“I hold that while man exists, it is his duty to improve not only his own condition, but to assist in ameliorating mankind.” —Abraham Lincoln
On a sunny but chilly morning a few weeks ago, I had a fascinating conversation with a Houstonian taxi driver who drove me across town from one of Houston’s poorest neighborhoods towards the Evelyn Rubenstein JCC.
The taxi picked me up from what has been for more than 60 years the home of Miss Johnnie Gibson. Since Hurricane Harvey swept through in August, this has been a deserted, ruined house, left behind, torn and bare, silently telling the story of Hurricane Harvey’s devastating forces.
Jimmy, the taxi driver, asked me what was I doing there with a group of 20 others, all busy looking like diligent ants set to take over a project. I shared with Jimmy that I was accompanying a group from JCC Association’s board of directors, who had traveled from across North America to meet in Houston. They had agreed to meet in Houston as part of the board’s annual meeting so they could take a day to volunteer, help those in need, repair the world.
I also told Jimmy that I was on my way to the JCC to meet a group of 22 JCCs’ shlichim (Israeli emissaries) and their supervisors from 11 JCCs from the United States and Canada, all convening in Houston, and like our board members, devoting a day to volunteer to rebuild Miss Johnnie Gibson’s home, so that after six months she can finally find serenity surrounded by her own walls.
Jimmy couldn’t believe what he had just heard. A group of Jews from across North America joined by a group of Israelis, all in Houston to volunteer in a low-income neighborhood, where a modest church oversees the block and reflects the faith of its residents.
I realized from Jimmy’s surprised expression that what seemed like an incredibly honorable and noble act of kindness to a random taxi driver, was actually the obvious thing to do to us.
It was that moment, on a jammed highway in Houston, that Jimmy turned on the lightbulb hanging above my head and filled it with bright light, honor and pride. Pride in being part of an organization whose extremely committed board members put everything aside and join together to repair Miss Johnnie Gibson’s home, while the rest of our board was busy at a local foodbank preparing the following day’s meals for more than 3,000 school-age children.
This was the second time JCC Association’s board has elected to lend a hand. In 2005, after Hurricane Katrina, where 80 percent of the city of New Orleans flooded, the board also chose social action to help repair a devastated city.
Houston is still scarred. It will take many more days and many more volunteers to fully repair all the flooded homes and buildings.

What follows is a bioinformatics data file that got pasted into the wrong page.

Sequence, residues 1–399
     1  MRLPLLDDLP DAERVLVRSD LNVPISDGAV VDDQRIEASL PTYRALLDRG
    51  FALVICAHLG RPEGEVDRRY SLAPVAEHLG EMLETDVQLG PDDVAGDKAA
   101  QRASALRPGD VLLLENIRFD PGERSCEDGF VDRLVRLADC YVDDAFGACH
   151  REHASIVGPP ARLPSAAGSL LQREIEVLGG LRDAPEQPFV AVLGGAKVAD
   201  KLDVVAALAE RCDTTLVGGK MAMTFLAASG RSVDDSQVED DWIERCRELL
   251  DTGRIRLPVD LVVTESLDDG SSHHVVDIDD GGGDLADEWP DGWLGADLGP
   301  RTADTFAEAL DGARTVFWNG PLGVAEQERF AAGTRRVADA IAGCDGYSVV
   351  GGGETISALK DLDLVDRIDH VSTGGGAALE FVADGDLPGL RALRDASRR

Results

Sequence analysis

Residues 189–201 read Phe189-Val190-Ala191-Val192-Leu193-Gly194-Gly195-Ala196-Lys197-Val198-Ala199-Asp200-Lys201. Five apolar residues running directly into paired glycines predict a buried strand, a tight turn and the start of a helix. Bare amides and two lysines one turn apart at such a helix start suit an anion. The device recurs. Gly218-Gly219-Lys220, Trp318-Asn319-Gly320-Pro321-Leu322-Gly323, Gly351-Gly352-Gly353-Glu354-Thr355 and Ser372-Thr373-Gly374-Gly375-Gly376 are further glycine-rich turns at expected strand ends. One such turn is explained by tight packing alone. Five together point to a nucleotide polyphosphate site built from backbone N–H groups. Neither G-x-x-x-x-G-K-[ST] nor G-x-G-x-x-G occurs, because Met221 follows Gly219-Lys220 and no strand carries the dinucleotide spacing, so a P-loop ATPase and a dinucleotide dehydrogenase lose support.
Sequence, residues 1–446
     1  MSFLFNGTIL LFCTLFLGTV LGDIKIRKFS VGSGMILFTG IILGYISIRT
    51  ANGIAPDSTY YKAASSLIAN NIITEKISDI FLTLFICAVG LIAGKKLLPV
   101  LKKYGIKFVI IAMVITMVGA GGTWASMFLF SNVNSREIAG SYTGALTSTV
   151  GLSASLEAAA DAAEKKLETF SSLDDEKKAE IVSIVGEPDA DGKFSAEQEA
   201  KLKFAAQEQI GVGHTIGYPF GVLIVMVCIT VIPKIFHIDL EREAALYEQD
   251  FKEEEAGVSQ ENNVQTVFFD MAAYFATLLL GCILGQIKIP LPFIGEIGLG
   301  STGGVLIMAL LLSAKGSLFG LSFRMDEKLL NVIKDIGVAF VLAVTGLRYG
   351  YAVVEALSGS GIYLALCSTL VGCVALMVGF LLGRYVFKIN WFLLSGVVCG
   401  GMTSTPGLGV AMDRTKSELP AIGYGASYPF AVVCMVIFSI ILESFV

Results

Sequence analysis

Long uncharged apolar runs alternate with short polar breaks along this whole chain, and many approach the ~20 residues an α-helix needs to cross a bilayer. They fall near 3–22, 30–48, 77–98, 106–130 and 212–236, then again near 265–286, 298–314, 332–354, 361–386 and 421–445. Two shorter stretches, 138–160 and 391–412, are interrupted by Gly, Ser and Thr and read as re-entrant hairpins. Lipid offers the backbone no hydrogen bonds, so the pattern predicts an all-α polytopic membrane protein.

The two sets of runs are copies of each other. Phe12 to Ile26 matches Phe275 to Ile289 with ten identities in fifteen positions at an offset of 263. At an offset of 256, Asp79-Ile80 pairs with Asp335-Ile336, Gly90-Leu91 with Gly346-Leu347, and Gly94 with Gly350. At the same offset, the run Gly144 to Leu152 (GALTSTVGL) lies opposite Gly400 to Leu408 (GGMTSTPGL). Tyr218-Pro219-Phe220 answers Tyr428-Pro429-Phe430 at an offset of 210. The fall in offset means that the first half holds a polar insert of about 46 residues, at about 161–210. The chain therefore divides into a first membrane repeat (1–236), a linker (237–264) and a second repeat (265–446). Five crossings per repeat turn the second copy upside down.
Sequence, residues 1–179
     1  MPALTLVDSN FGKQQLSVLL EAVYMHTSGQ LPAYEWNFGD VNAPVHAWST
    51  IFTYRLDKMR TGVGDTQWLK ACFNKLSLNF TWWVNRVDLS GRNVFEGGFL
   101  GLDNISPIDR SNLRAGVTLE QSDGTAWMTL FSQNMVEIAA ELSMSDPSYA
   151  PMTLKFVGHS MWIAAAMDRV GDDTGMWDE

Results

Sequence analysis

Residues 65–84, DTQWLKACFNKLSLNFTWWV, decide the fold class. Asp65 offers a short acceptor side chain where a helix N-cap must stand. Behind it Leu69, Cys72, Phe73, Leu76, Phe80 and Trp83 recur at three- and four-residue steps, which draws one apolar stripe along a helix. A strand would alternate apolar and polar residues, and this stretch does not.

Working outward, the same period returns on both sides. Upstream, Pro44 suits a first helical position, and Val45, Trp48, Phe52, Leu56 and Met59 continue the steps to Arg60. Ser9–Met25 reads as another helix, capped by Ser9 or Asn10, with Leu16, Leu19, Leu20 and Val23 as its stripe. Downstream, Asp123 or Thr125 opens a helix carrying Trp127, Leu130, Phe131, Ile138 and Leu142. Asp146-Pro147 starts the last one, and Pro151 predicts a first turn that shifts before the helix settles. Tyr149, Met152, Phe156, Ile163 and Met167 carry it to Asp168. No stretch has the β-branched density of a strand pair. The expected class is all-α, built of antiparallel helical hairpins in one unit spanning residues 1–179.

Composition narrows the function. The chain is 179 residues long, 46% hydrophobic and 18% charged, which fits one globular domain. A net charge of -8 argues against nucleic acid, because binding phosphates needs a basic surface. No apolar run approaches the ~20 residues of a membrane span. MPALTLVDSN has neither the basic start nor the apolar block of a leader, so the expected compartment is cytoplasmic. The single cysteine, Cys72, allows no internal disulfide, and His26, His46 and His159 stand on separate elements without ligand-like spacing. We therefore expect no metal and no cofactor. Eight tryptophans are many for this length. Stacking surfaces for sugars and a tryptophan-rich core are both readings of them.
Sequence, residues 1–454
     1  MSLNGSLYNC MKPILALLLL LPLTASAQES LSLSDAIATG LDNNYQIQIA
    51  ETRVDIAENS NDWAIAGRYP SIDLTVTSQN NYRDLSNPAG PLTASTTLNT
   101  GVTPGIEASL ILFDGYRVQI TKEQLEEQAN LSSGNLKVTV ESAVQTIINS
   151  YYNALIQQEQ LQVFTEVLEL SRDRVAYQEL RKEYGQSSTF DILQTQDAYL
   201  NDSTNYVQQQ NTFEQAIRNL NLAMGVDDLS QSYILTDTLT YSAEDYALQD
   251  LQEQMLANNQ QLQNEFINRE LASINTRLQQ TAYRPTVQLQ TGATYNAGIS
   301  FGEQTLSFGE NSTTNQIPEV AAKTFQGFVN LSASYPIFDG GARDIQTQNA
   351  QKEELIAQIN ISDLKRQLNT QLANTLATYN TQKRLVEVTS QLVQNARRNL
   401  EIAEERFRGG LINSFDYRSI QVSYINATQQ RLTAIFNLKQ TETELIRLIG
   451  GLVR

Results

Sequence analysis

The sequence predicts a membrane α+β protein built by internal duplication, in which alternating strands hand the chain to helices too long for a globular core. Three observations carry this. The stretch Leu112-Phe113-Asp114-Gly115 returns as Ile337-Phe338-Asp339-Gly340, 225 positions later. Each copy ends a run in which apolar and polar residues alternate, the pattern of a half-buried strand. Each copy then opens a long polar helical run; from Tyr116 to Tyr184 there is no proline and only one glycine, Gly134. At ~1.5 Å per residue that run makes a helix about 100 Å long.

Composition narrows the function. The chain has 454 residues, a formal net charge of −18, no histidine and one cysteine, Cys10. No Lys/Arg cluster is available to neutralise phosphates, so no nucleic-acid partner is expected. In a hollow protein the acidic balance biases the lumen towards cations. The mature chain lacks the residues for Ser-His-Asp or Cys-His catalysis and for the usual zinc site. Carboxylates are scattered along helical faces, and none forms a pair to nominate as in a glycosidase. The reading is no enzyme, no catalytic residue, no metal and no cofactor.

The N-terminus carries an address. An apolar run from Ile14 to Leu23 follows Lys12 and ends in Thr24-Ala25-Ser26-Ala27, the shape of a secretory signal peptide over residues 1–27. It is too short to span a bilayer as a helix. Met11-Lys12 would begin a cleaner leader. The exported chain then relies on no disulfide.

One of these buildings is the Evelyn Rubenstein JCC. Although tremendously damaged, the JCC didn’t let Harvey stop it—not even for a day—from continuing to serve the community through its “Meals on Wheels” program and other services. The JCC building is almost fully rebuilt, its warm welcoming lobby, not too long ago completely flooded, invites all community members to enjoy its programs and services, but more than anything to be part of family.
As an Israeli used to being grateful for aid coming to Israel from people living beyond its borders, Jews and non-Jews worldwide, this day in Houston was especially rewarding.
Knowing that my Israeli government, through my tax money contributed $1 million to Houston’s efforts to rebuild the city was a moment of pride. Lending a hand to those in need, whether they were Jews or members of other faith communities guides us through this journey we are all part of.
Today, many in the U.S. remember Abraham Lincoln, the country’s 16th president. Lincoln led the country through its most turbulent period, one of civil war, toward becoming a nation of human beings—humble, compassionate, equal and caring. People who “assist in ameliorating mankind.”
That long day in Houston of cleaning away debris, removing damaged siding, painting new siding and nailing it in place was a sacred day. We may have seemed dusty but we actually shined. This day was one of the most meaningful days in my life, a day I was so proud to be associated with JCC Association, led by a committed board of directors for whom tikkun olam (repairing the world) and community building are not just phrases, but what truly guides its daily actions.
“You are not expected to complete the task, but neither are you free to avoid it.” (Rabbi Tarfon, Pirkei Avot 2:21)
Leah Garber, Vice President. Director, JCC Israel Center